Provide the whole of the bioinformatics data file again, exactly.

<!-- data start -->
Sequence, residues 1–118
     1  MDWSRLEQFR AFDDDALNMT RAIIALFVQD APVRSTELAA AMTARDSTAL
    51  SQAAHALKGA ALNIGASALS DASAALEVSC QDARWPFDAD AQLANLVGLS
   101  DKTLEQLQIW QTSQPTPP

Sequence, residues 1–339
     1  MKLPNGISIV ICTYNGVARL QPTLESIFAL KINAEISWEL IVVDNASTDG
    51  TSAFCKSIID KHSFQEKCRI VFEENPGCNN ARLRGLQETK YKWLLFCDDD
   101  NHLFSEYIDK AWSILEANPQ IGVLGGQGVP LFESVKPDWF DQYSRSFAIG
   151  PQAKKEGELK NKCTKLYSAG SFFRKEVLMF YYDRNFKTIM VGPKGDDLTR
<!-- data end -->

Sequence, residues 1–118
     1  MDWSRLEQFR AFDDDALNMT RAIIALFVQD APVRSTELAA AMTARDSTAL
    51  SQAAHALKGA ALNIGASALS DASAALEVSC QDARWPFDAD AQLANLVGLS
   101  DKTLEQLQIW QTSQPTPP

Sequence, residues 1–339
     1  MKLPNGISIV ICTYNGVARL QPTLESIFAL KINAEISWEL IVVDNASTDG
    51  TSAFCKSIID KHSFQEKCRI VFEENPGCNN ARLRGLQETK YKWLLFCDDD
   101  NHLFSEYIDK AWSILEANPQ IGVLGGQGVP LFESVKPDWF DQYSRSFAIG
   151  PQAKKEGELK NKCTKLYSAG SFFRKEVLMF YYDRNFKTIM VGPKGDDLTR